Nrityageet: Earning the Status of a Tradition

by Al Creighton

The performance of Nrityageet 25 at the Cultural Centre last weekend was a worthy tribute to the two occasions that it celebrated. This renewal of the annual production was somewhat special because it was the 25th anniversary of a dance programme that is not only a fixture on the Guyanese cultural calendar, but has earned the status of a tradition. The quality and impact of last week's performance confirmed its present stature as well as the production's suitability as a programme to celebrate the other anniversary: the first arrival of Indians from the East to the shores of Guyana on May 5, 1838.

While the show over the years has not always reached the same high standard of this most recent performance, its overall rating is respectably high, and it marks a commendable achievement for its producers, particularly given the fact that the two principal choreographers/dancers live overseas. Nrityageet is produced and performed by Nadira and Indranie Shah Dance Troup, and the two sisters after whom it is named, Nadira Shah Berry and Indranie Shah Lennartson make an annual pilgrimage to Guyana for the shows.

They are co-founders of Nrityageet, along with sister Seeta Shah Mohamed and mother Bhanmattie Shah. The full production team comprises six members in all when Rajendra Shah and the youngest member, Suzanne Shah Mohamed are included, completing a group that represents three generations of the Shah family.

It is a household already known for production and entrepreneurship in the theatre, since Cyril Shah as producer and promoter was a major contributor to the development and career of The Mighty Sparrow who became the best calypsonian the world has yet known. For Nrityageet, Rajendra Shah is a producer, dancer and music coordinator, while Bhanmattie Shah, a co-founder, is responsible for costumes.

Suzanne Mohamed grew up with Nrityageet as an apprentice in dance, receiving training at Guyana's National School of Dance as well as in Barbados and Sweden. She emerged as a prominent dancer/soloist in the troupe and is now one of its choreographers. Although, up to this point, she is best known for a number of remarkable solo performances and lead parts in the work of previous choreographers, she choreographed Jai Maa, jointly with Nadira Berry, and Butterfly, two of the better pieces in Nrityageet 25.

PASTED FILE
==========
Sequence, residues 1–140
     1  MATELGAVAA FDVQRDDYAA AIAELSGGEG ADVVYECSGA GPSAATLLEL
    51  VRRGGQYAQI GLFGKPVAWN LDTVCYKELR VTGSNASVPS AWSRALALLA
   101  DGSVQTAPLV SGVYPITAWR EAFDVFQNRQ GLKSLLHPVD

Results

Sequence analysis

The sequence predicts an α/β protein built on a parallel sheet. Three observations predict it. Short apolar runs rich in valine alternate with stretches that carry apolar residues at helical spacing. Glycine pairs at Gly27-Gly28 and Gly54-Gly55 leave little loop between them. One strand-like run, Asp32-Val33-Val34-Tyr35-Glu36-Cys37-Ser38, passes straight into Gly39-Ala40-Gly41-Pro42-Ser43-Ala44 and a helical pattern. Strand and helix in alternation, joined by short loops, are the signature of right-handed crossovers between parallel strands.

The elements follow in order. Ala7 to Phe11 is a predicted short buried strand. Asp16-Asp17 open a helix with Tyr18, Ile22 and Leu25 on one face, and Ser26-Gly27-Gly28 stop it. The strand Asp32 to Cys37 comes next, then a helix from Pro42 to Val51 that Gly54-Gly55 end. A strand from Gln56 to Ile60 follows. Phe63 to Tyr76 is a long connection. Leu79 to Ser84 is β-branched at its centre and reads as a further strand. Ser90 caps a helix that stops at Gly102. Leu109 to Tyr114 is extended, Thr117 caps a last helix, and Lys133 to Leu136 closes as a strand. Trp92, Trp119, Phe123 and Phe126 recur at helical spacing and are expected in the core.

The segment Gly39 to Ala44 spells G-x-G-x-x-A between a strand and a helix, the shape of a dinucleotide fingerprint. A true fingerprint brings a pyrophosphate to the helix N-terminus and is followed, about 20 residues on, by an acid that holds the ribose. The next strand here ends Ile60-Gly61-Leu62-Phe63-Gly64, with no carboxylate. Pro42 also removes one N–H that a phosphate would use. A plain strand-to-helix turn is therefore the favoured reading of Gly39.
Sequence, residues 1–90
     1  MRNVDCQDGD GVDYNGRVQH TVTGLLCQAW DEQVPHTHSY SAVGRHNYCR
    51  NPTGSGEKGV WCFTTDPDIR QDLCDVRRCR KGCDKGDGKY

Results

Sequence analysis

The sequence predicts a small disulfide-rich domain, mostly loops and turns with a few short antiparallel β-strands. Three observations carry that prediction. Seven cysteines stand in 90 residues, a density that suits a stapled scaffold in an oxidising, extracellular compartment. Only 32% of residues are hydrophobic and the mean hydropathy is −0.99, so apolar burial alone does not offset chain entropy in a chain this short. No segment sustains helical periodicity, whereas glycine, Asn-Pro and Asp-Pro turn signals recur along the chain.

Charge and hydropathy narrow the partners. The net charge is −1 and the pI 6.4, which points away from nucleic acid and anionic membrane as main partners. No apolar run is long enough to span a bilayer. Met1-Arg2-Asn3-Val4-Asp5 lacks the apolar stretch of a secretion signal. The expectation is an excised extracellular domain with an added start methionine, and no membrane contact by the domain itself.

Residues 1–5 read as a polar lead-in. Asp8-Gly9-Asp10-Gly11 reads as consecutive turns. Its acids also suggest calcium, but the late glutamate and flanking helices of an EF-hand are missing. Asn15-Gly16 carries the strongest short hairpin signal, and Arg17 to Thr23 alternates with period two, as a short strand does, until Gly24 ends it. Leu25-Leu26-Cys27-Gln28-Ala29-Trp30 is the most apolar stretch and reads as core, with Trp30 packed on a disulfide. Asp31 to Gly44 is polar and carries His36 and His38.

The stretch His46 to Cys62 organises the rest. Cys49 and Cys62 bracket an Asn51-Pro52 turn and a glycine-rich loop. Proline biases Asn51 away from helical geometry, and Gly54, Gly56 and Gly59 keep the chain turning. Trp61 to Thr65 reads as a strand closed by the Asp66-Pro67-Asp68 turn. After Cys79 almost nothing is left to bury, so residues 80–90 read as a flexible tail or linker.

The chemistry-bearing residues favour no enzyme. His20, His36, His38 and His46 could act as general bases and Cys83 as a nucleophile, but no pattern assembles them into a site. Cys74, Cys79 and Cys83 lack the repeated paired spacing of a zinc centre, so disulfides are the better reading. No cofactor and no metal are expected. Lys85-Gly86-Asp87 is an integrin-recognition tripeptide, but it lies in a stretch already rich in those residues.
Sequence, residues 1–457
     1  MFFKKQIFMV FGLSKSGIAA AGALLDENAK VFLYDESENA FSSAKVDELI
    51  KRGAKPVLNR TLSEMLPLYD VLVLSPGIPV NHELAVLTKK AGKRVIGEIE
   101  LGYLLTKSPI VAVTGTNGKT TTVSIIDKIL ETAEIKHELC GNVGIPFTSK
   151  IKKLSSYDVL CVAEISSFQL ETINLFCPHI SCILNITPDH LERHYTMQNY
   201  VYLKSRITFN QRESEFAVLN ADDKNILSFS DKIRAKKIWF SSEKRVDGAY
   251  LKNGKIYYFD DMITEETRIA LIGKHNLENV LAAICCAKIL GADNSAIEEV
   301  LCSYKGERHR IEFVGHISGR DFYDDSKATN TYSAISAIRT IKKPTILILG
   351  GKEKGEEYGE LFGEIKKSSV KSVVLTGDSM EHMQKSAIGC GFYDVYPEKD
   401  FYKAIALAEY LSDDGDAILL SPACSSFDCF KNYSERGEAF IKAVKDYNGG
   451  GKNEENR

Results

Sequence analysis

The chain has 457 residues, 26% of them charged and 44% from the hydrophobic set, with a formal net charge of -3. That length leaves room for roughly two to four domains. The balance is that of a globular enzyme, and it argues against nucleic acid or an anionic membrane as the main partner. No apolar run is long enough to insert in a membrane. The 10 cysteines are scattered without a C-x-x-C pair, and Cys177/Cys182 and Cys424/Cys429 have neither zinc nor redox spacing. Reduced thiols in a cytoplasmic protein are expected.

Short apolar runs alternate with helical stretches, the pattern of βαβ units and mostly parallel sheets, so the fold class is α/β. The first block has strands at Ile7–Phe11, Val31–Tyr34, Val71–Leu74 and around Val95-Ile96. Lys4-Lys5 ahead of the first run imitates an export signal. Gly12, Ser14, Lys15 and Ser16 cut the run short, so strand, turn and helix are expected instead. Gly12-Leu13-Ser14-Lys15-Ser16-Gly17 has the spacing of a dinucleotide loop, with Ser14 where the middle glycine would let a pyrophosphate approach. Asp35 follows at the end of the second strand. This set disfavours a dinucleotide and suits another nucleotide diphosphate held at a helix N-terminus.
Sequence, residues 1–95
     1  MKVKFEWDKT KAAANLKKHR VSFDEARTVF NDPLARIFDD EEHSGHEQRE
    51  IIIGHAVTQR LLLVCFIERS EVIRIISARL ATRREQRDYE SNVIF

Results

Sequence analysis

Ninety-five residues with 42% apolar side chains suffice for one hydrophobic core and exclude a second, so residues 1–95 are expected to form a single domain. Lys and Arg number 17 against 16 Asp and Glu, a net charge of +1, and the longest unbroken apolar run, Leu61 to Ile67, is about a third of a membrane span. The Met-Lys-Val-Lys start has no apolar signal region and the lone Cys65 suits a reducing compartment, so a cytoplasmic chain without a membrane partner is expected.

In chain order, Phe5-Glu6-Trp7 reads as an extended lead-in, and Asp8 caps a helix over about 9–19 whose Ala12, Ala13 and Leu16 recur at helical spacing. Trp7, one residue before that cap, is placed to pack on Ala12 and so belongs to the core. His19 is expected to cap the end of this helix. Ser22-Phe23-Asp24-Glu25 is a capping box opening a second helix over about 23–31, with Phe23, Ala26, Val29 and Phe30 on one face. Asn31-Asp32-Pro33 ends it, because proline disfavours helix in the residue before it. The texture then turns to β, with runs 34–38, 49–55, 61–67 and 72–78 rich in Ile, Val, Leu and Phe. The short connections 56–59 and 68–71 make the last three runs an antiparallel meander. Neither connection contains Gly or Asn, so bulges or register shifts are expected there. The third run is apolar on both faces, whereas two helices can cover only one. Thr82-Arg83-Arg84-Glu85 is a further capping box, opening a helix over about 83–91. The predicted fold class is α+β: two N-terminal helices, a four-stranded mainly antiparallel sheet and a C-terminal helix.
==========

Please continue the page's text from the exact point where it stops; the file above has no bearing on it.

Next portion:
This, the latest production in the long, very well-sustained series was directed by Seeta Shah Mohamed, co-founder and director. Many of the choreographies were performed on a very effective, colourful set, designed by Mrs Mohamed, sometimes appropriated to the concept of the dance, at other times basically functional or merely a fashionably pretty backdrop for filmi or disco performances. She is the show's manager and publicist, but has also made other artistic contributions as director, researcher and workshop coordinator for the troupe during the year. She has acknowledged a debt to director and academic John Rollins for some valuable training received in theatre, which she has used for the benefit of Nrityageet.

Indranie Shah, as has been the case for many years, was one of the major dancers and choreographers in the anniversary production. She was responsible for Shiva Vandana, which set the tone for the show, having taken its theme from the Divine place of Lord Shiva, the most important 'dancer' in the Hindu universe. Indranie also teamed up with Nadira as dancers in Dafli Wali, which was among the most outstanding pieces in the show. It was the work of an artist who, since starting Nrityageet, has deepened her expertise and experience through further training in India and a company of her own in Sweden.